Harriet Harman faces Labour anger over Woolas comments
Deputy Labour leader Harriet Harman has faced anger from Labour MPs after her decision to disown expelled MP Phil Woolas.
It has provoked what Labour MPs and ex-ministers call a "mutiny" against the Labour leadership at Westminster, the BBC's John Pienaar says.
Ms Harman faced the backbench anger during a meeting of Labour MPs on Monday evening.
Mr Woolas says he has had pledges of support from "dozens of colleagues".
BBC North West political editor Arif Ansari said former Foreign Secretary David Miliband was among Labour MPs to have offered Mr Woolas their backing.
Mr Woolas is raising cash for a legal challenge to the election court ruling which led to his axing as an MP and suspension from Labour.
According to one MP present at the Monday meeting, Ms Harman was described to her face by one colleague as "a disgrace". Another suggested she should "consider her position" - political code for resignation, BBC Radio 5 Live's chief political correspondent John Pienaar said.
He added that a former cabinet minister said: "I have never seen anything like it. Harriet was attacked from every direction."
Mr Woolas was barred from standing for elected office for three years after a specially convened election court ruled he was guilty of breaching the Representation of the People Act 1983 for making false statements during the election, in which he won the Oldham East and Saddleworth seat by 103 votes.
He is seeking a judicial review of that decision.
But on Sunday deputy Labour leader Harriet Harman indicated that Mr Woolas had no future as a Labour MP even if he succeeds in overturning the verdict.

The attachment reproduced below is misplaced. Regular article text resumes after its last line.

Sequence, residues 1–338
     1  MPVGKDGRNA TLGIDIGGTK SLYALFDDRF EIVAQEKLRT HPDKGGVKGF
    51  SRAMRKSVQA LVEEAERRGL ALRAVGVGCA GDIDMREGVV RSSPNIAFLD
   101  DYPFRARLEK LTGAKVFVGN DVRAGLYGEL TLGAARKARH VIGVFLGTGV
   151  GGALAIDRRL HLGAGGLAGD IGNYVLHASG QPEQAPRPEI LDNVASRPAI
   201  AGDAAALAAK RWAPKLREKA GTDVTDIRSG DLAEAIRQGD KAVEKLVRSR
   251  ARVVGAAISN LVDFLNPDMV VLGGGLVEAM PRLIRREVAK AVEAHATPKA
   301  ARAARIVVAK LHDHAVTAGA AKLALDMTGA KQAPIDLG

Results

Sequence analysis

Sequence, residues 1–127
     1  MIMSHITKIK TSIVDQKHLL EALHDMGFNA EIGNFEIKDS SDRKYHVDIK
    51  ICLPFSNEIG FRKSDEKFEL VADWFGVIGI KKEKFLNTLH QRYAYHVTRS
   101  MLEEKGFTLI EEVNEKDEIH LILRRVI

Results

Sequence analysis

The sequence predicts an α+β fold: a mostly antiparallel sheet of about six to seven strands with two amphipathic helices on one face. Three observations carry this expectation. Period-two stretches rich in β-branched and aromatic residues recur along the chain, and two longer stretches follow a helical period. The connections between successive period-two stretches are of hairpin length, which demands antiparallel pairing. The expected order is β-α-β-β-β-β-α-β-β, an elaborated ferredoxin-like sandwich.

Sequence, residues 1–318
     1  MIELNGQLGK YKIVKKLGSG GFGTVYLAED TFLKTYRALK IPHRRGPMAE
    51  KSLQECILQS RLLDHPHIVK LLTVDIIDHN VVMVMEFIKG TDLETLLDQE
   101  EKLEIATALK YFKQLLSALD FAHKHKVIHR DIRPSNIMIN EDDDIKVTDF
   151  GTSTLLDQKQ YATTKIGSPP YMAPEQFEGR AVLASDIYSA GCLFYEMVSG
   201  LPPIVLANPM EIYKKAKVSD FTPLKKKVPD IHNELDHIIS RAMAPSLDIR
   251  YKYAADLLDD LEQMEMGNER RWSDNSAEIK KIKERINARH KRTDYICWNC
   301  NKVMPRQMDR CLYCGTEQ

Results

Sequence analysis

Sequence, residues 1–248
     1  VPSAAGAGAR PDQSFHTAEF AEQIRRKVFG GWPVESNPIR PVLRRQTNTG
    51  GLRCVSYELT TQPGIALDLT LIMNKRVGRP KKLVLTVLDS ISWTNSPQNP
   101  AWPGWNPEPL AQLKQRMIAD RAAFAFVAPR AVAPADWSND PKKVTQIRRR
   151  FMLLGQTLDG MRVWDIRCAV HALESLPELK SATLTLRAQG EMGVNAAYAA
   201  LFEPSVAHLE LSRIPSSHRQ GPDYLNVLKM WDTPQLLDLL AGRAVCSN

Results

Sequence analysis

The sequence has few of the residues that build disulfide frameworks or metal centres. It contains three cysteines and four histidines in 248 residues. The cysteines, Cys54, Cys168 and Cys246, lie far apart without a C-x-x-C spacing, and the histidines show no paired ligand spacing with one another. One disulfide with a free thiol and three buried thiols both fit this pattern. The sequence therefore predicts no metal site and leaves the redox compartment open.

She said it was "not part of Labour's politics for somebody to be telling lies to get themselves elected".
Section 106 of the Representation of the People Act makes it an offence to publish "any false statement of fact in relation to the candidate's personal character or conduct" to prevent them being elected - unless they believed it was true and had "reasonable grounds" to do so.
A Labour spokesman said: "In terms of the specifics of the PLP (Parliamentary Labour Party) meeting, we do not comment on private meetings."
But Labour MP Graham Stringer said he wished that Ms Harman had not made her comments, saying she had gone "far too far" and not recognised Mr Woolas' contribution to the party over many years.
"The feelings in the parliamentary Labour Party were very strong," he told the BBC. "There are big issues involved here in terms of the future of our democracy and for Phil Woolas personally.
"I feel Phil Woolas has been treated in an unbalanced way. He still believes he has the right to appeal."
Both Labour and Conservative MPs have expressed concerns that judges should be able to overturn an election result - the first such case for 99 years - and the precedent it sets for future contests.
While "not in a position" to pass judgement on Mr Woolas' conduct during the campaign - in which he was accused of stirring up racial tensions to win votes - Mr Stringer said election battles in marginal seats were not "Sunday-school outings".
"If the courts get involved in elections when people go over the top on policy and sometimes tell lies then we are going to have a very strange electoral process in future," he said.
If candidates felt that they have been defamed, he suggested they should seek legal redress rather than trying to change the decision of the voters.
'Moral high ground'
But Labour MP Jack Dromey, who is Harriet Harman's husband, defended her response.
"I think Ed Miliband and Harriet have done absolutely the right thing," he told the BBC's Daily Politics.
"It is no part of our politics to tell lies, to fan prejudice to win votes. What happened was wrong. I've always believed in what I've called standing on the moral high ground. How we conduct ourselves is of the highest importance."
The Conservatives said Labour were squabbling over the issue rather than "sorting out the mess" they themselves had created.
"Labour's defence of an MP who was found to have brought disgrace to politics is extraordinary," the party's deputy chairman Michael Fallon said.
Since Mr Woolas was stripped of his seat, his former constituency does not have an MP.
Commons Speaker John Bercow has said all legal proceedings must be completed before any move towards a by-election can be considered.
The Liberal Democrats - whose candidate came second in May's election - have sought assurances that constituents will not be without representation indefinitely.